The Employee Ownership Update
January 3, 2011
New Study Shows Broad-Based Stock Option Plans Improve PerformanceOne of the most comprehensive and convincing studies to date on the effect of broad-based option plans on company performance was released in November. Yael V. Hochberg of the Kellogg School of Management at Northwestern University and Laura Lindsey at the W. P. Carey School of Business at Arizona State University found that companies that granted options broadly to their employees showed a significant improvement in industry-adjusted return on assets (ROA) while companies that granted options more narrowly showed a decline in performance. The study, "Incentives, Targeting and Firm Performance: An Analysis of Non-Executive Stock Options," appeared in the November 2010 (Vol. 23, No. 11) issue of the Review of Financial Studies.
The primary data source for the study was the Investors Responsibility Research Center (IRRC) Dilution Database. That contains company option plan information collected from public filings for firms in the S&P 500, S&P midcap 400, and the S&P small cap 600. The study period was from 1997 through 2004. The identification of companies with broad grants is inferential. Following prior researchers, they identify companies where the bottom 90% of the workforce gets half the option value. To do this, they calculate ratios between the amount of equity granted to the CEO compared to next four most highly paid employees (available in public data) and the amount of equity overall . From that, they can rely on prior research that shows that, generally, the next 10% of employees will receive a certain percentage of additional equity. If the amount then going to the top 10% calculated this way is less than half of the total equity made available, prior research indicates the plan is likely to be broad-based.
This complex calculation cannot assure that the data set they are using is entirely composed of companies that actually grant options to more than half their work force (the definition of broad-based used by other studies on this topic). They identify 44% of the companies as having broad-based plans by this definition.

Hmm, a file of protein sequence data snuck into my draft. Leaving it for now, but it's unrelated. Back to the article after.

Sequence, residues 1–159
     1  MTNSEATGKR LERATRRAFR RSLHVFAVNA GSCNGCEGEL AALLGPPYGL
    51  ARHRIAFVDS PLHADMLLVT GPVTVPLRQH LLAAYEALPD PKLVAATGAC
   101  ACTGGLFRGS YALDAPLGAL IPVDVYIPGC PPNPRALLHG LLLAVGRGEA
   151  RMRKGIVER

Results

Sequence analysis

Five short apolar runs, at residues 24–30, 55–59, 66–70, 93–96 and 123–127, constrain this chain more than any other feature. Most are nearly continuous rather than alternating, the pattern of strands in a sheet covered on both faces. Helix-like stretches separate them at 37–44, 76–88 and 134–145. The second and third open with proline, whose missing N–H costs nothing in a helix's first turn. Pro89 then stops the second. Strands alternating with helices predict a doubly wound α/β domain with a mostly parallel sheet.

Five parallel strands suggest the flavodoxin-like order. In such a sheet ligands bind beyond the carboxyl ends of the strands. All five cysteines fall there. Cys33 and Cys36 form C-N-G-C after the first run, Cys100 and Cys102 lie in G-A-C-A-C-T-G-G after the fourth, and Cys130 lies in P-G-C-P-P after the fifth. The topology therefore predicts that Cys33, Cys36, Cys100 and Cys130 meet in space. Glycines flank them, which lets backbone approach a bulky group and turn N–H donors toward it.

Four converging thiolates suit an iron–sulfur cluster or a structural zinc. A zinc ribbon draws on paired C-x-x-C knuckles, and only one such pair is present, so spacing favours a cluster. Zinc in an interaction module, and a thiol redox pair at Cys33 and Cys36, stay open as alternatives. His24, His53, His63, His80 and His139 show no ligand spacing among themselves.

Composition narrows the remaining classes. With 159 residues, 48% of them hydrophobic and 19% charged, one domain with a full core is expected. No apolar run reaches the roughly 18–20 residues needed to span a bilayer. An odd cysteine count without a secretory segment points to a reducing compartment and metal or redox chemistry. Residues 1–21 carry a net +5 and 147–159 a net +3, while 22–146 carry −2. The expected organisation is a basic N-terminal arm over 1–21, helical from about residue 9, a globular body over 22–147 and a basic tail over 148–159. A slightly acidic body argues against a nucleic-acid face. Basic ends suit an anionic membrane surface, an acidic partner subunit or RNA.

Looking at non-executive options and the subsequent firm operating performance as measured by the firm's industry adjusted ROA, the authors found that "both the existence of a broad based option plan and the implied incentives of an option plan exert a positive effect on firm performance... [H]olding all other variables constant, a move from the 25th percentile of per-employee delta [that is, increased option grants per employee] to the 75th percentile of per employee delta implies an increase of 0.17% in ROA and a 0.15% increase in cost-adjusted ROA. The effect we estimate is approximately a 0.4 percentage point change in industry-adjusted ROA for every $1000 increase in per employee delta. Since the average per employee delta in our sample is about $760, a $1000 increase represents a little over a doubling of pay to performance sensitivity."
By contrast, companies with grants focused on executives did worse: "for both performance measures [ROA and cost-adjusted ROA?], the coefficient on aggregate option incentives for firms with broad-based option plans is positive and statistically significant and the coefficient on incentives for firms without broad-based plans is negative."
The relation between incentives and performance was confined to smaller firms in the bottom half of total employment, however. The authors also segmented the companies into those where an increase in the share price had a potential impact on option values above and below the median amount. Companies with this greater leverage opportunity do significantly better.
The full study is at this link in PDF format.